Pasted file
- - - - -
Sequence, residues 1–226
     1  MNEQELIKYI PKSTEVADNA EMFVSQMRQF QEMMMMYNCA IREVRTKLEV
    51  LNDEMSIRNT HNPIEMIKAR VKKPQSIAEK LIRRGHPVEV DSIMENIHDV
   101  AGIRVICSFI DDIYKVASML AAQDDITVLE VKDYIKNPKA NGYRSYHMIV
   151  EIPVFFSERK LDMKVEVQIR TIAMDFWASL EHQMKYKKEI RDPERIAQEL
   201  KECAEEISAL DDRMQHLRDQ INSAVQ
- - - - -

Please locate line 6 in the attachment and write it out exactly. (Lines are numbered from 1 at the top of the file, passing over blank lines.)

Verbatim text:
   201  KECAEEISAL DDRMQHLRDQ INSAVQ